Orca calf swims out of Canadian lagoon where it had been trapped more than a month

ZEBALLOS, British Columbia (AP) — A young killer whale that was trapped for more than a month in a lagoon on Vancouver Island swam past a bottleneck at high tide early Friday, reaching an inlet that could take it to the open sea, officials said.

The Ehattesaht and Nuchatlaht First Nations said in a statement that a team monitoring the 2-year-old calf saw it swim past the area where its mother had died, pass under a bridge and head down the inlet “all on her own.”

The young orca still must leave the Little Espinosa Inlet to reach open ocean.

The calf had been stuck in the tidal lagoon near the British Columbia village of Zeballos about 450 kilometers (280 miles) northwest of Victoria since March 23, when its pregnant mother became trapped at low tide and died on a rocky beach.

“Today the community of Zeballos and people everywhere are waking up to some incredible news and what can only be described as pride for strength this little orca has shown,” Chief Simon John said in a release.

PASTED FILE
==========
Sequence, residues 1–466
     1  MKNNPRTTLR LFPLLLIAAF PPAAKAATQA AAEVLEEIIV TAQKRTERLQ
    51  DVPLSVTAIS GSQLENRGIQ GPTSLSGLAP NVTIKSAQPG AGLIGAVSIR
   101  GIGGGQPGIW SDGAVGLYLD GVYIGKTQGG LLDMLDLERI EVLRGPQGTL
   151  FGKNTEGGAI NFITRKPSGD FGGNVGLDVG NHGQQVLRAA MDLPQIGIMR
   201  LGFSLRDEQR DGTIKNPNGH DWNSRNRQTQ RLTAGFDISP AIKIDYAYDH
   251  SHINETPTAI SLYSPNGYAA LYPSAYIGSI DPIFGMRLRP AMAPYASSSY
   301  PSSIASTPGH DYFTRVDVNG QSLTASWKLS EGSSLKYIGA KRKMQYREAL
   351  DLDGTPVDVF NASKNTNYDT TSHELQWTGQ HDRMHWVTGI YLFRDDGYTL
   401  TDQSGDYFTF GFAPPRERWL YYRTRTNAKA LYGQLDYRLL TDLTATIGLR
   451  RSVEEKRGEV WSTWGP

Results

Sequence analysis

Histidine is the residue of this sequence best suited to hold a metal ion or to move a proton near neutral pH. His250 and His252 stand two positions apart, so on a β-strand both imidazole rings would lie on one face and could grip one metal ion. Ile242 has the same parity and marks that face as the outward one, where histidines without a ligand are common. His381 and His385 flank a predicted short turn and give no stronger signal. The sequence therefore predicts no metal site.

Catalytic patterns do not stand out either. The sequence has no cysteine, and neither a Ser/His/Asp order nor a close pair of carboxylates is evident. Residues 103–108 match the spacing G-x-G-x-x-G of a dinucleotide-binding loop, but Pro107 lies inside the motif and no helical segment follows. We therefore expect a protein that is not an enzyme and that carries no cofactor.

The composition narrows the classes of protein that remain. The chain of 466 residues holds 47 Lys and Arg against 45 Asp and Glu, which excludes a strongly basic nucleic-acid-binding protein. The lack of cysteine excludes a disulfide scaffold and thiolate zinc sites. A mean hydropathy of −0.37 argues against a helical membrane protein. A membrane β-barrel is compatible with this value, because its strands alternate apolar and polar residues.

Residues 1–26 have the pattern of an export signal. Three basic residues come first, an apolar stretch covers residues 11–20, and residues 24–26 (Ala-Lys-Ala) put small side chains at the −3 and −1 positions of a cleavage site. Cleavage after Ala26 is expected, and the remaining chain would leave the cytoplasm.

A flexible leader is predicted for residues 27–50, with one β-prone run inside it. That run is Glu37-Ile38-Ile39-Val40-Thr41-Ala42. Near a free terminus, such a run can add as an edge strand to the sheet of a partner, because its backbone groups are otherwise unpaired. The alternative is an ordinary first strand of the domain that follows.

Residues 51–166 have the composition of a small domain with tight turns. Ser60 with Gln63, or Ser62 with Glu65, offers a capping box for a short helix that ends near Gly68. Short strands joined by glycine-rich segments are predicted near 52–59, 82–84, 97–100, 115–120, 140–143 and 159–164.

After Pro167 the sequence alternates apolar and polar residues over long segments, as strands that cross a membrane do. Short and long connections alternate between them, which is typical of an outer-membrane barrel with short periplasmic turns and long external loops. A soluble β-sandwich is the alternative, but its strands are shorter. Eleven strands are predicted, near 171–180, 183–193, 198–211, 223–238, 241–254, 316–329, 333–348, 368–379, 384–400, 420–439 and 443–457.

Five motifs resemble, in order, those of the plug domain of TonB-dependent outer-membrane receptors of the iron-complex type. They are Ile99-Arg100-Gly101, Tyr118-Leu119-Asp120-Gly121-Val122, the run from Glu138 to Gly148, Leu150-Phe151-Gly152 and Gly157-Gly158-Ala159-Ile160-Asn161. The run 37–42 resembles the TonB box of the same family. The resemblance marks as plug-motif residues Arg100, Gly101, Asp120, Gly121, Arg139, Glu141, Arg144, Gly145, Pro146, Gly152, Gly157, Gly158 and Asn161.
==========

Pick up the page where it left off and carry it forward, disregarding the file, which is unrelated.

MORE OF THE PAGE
Officials said they hoped that once the whale reaches the open sea, it calls will be heard by its orca family.

John said officials and nation members were putting protective measures in place to ensure the whale has no contact with people or boats.

“Every opportunity needs to be afforded to have her back with her family with as little human interaction as possible,” he said.

An attempt in mid-April to free the whale involved using a net to corral her into a large fabric sling in shallow waters. The whale managed to dodge a 50-person rescue team that was using boats, divers and sophisticated underwater detection equipment.

In another effort, a woman tried to coax the whale out of the lagoon by playing her violin during high tide.